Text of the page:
If a German tourist withdraws cash from an ATM in Prague, the ATM screen may display a choice whether the tourist’s euro account should be charged in the currency of their account (i.e., euro), or in the local currency – Czech koruna. If the tourist chooses the latter, they opt for the so-called Dynamic Currency Conversion (DCC) service. DCC is a service enabling instant currency conversions for card-based transactions. DCC was introduced in 1996 to allow cardholders to pay in their home currency when making payments in foreign currencies. This can be either an ATM withdrawal or a card payment at a point-of-sale (POS) terminal in a foreign country. By using the DCC service, the amount of the transaction in the local
Kinstellar has successfully advised Genesis Private Equity Fund IV (GPEF IV), the newest private equity fund of Genesis Capital, and Evolving Europe Principal Investments I (EEPI I), a private equity and growth capital fund advised by Integral Venture Partners, on its acquisition of BORCAD, an innovative producer of train seats and interior equipment for passenger trains based in Fryčovice, Czech Republic. BORCAD is a leading European producer of railway technologies and offers a full range of seats for personal carriages, from standard seats for regional trains to luxury, fully electrically operated seats for long-distance trains. In its more than 30-year history, the company has produced nearly 500,000 seats for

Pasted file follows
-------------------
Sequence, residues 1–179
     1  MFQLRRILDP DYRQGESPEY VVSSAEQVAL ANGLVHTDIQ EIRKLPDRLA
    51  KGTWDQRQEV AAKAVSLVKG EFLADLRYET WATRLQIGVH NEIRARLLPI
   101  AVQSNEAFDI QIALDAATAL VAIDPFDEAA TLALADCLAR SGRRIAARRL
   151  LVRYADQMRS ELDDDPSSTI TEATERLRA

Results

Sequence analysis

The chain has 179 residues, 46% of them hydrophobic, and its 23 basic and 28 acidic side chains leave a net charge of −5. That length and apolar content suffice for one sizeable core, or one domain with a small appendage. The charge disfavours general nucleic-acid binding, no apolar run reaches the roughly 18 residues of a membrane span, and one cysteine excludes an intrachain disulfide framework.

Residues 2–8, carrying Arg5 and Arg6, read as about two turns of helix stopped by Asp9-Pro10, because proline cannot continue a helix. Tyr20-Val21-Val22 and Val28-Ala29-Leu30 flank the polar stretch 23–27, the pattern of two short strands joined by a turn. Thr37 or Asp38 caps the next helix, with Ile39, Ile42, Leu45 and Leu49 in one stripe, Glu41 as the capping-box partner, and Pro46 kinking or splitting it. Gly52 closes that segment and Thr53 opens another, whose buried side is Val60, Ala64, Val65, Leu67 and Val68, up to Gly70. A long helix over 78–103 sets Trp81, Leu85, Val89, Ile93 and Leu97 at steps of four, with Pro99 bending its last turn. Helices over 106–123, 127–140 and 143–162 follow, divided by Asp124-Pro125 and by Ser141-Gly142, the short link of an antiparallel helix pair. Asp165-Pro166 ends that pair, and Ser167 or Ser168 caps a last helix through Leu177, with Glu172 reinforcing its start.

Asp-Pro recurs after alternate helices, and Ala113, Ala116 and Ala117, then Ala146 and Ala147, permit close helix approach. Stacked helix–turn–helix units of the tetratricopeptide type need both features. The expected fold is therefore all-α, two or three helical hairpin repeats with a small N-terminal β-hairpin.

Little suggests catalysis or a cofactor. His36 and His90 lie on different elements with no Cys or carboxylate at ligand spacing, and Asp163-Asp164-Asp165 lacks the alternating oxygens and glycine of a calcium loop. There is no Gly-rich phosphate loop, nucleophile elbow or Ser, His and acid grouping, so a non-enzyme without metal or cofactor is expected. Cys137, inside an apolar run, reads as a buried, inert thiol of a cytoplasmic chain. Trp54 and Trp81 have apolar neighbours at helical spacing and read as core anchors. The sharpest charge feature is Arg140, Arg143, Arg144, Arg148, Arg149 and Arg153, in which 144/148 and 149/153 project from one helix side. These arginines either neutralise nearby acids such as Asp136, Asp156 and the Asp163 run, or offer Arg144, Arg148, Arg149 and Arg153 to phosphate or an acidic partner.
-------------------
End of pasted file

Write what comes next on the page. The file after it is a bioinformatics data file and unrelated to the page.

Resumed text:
The Czech Republic has adopted legislation on reducing the environmental impact of selected plastic products (along with another act amending existing regulations). The respective acts introduce several types of measures – in particular a complete ban on certain single-use plastic items and restrictions on the production of other plastic products; or granting financial support to municipalities. The acts implement the EU’s Directive on single-use plastics – albeit more than one year late. The new laws enter into force on 1 October 2022; but the various obligations become effective as of 1 January 2023, or 1 January 2024, or 1 July 2024, respectively – or, in some cases, even later, such as in 2030. Please